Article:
Proposed New York City Law a Model for Regulation
Elected officials and local authorities across the United States and around the world should consider replicating an innovative legislative proposal that would prohibit police from arming robots used in their law enforcement operations.
The bill, introduced on March 18 by New York City council members Ben Kallos and Vanessa Gibson, would “prohibit the New York City Police Department (NYPD) from using or threatening to use robots armed with a weapon or to use robots in any manner that is substantially likely to cause death or serious physical injury.”
The proposed law comes after a social media outcry over the use of an unarmed 70-pound ground robot manufactured by Boston Dynamics in a policing operation last month in the Bronx. US Representative Alexandria Ocasio-Cortez criticized its deployment “for testing on low-income communities of color with under-resourced schools” and suggested the city should invest instead in education.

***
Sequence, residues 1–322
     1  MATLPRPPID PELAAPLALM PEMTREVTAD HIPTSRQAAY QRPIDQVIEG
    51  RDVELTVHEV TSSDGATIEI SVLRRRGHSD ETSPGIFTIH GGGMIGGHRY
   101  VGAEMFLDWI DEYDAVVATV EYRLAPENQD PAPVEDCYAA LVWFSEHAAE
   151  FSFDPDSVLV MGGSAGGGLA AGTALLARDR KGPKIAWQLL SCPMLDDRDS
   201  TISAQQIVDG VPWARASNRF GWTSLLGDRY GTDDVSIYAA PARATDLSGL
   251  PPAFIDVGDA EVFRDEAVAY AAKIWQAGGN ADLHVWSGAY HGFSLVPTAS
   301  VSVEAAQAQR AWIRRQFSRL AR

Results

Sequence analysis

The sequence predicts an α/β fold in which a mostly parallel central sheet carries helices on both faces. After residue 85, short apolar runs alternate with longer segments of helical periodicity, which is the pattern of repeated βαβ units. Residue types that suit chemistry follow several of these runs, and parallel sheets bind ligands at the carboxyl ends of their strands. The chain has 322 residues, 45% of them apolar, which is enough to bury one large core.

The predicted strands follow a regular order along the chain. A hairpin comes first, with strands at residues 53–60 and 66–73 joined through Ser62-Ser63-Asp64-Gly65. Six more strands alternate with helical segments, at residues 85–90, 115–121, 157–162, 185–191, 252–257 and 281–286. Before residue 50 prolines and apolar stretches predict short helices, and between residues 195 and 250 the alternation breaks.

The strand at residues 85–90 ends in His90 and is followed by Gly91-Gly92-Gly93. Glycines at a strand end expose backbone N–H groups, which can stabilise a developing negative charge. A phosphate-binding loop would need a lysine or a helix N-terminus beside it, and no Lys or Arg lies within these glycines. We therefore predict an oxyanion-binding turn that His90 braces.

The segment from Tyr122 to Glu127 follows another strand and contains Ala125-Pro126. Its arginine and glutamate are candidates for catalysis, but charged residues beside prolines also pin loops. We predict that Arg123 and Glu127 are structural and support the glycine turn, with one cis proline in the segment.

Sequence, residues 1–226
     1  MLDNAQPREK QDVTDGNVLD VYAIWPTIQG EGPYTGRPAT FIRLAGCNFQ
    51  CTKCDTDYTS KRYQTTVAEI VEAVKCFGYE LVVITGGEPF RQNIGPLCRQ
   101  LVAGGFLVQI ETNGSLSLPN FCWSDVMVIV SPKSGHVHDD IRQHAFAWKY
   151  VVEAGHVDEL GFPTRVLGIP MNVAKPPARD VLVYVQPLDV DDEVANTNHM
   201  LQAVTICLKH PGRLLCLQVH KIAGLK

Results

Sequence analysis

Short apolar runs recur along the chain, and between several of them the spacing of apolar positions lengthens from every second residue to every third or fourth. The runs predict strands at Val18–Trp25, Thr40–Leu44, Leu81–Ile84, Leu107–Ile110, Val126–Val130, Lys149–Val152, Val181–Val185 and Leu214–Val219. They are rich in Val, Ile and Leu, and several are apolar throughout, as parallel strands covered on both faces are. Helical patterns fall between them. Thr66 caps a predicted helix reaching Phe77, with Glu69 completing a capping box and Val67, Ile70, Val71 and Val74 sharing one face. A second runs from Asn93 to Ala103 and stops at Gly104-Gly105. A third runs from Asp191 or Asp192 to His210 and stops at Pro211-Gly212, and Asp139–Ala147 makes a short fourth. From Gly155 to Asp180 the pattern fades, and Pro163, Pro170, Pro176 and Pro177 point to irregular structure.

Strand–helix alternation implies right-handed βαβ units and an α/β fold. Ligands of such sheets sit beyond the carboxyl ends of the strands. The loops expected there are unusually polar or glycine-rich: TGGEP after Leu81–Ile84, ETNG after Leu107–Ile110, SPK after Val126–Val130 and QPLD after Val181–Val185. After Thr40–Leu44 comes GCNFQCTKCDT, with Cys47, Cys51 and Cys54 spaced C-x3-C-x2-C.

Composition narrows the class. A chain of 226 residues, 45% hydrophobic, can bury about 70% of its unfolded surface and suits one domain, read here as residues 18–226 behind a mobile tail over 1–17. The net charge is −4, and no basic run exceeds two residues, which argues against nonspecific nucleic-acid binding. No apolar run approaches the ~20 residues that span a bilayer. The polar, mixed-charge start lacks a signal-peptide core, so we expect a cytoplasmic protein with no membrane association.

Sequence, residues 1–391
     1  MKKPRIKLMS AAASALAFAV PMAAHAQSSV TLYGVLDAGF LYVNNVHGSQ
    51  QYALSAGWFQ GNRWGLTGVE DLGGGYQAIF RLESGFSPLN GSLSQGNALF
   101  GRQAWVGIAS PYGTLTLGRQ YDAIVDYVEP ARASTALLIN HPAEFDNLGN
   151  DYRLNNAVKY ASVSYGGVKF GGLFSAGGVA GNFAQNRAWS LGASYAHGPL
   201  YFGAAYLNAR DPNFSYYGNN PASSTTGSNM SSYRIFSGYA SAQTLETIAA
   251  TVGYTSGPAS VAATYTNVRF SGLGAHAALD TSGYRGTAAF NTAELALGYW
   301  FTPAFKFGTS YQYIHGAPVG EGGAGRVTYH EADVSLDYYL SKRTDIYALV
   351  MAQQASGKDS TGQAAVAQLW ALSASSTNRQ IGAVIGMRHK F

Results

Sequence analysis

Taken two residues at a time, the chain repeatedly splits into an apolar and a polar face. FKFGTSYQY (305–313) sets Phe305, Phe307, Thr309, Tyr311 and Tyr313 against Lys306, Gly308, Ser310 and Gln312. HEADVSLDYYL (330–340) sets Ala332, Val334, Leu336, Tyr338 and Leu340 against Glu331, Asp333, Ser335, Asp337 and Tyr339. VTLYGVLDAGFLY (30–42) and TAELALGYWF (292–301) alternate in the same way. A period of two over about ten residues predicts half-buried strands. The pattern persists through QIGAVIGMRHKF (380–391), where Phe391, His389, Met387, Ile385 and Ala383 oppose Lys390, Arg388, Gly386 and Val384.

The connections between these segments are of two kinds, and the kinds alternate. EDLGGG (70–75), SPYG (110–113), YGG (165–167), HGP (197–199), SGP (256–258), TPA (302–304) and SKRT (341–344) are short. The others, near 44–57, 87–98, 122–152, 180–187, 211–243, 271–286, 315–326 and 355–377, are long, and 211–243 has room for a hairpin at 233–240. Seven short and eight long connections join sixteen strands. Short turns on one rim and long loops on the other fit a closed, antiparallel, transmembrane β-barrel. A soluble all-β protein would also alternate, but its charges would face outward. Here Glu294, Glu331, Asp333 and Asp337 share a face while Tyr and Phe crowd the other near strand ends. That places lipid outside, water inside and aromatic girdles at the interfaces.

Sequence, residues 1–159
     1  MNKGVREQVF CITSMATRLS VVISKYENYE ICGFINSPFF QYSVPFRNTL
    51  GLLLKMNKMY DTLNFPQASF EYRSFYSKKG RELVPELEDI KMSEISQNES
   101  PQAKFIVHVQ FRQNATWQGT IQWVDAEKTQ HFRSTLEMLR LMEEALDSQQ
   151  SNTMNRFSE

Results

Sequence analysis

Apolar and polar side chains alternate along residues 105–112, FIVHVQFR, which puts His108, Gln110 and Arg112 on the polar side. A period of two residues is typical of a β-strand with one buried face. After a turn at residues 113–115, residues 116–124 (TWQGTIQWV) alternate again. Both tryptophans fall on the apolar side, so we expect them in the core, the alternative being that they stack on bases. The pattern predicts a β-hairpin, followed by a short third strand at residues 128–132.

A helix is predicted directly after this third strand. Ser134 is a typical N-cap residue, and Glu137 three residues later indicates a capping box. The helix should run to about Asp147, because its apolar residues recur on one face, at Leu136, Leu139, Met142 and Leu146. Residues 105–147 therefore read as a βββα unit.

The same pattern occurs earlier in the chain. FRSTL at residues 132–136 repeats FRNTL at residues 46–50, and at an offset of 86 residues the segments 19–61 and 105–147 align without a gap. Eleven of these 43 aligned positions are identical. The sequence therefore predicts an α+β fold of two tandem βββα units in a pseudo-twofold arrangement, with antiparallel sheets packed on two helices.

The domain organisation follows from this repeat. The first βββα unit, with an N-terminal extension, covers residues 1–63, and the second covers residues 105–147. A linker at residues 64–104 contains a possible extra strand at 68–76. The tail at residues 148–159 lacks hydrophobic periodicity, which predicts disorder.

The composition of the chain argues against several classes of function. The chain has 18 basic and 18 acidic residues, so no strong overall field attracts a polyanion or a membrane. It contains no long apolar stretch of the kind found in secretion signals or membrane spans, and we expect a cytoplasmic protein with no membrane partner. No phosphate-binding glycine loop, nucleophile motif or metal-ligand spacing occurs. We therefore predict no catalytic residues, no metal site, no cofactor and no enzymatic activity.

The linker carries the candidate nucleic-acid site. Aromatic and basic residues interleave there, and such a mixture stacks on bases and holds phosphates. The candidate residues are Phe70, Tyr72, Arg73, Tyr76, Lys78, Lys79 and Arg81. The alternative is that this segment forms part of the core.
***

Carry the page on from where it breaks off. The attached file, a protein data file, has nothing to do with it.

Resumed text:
In a statement published in Wired and other news outlets, Boston Dynamics CEO Robert Playter said that the company’s robots “will achieve long-term commercial viability only if people see robots as helpful, beneficial tools without worrying if they’re going to cause harm.” Playter also said that the company prohibits customers from attaching weapons to its robots. The company’s terms of service require buyers of its ground robot — which is unarmed — to not intentionally use it “to harm or intimidate any person or animal, as a weapon, or to enable any weapon.” Other technology companies such as Paravision, Skydio, and Clearpath Robotics have similar measures in place.
Such contractual requirements are a start, but laws are needed to ensure police forces don’t ignore these dangers as they expand their use of artificial intelligence and emerging technologies. Pledges not to weaponize robots will not prevent a future of digital dehumanization and automated killing.
Fully autonomous weapons systems need to be prohibited in all circumstances, including in armed conflict, law enforcement, and border control, as Human Rights Watch and other members of the Campaign to Stop Killer Robots have advocated.
Allowing machines to select and attack humans without meaningful human control crosses a moral line. Regulation in the form of new laws is the only viable option when faced with the serious ethical, legal, operational and other challenges raised by the removal of human control from the use of force.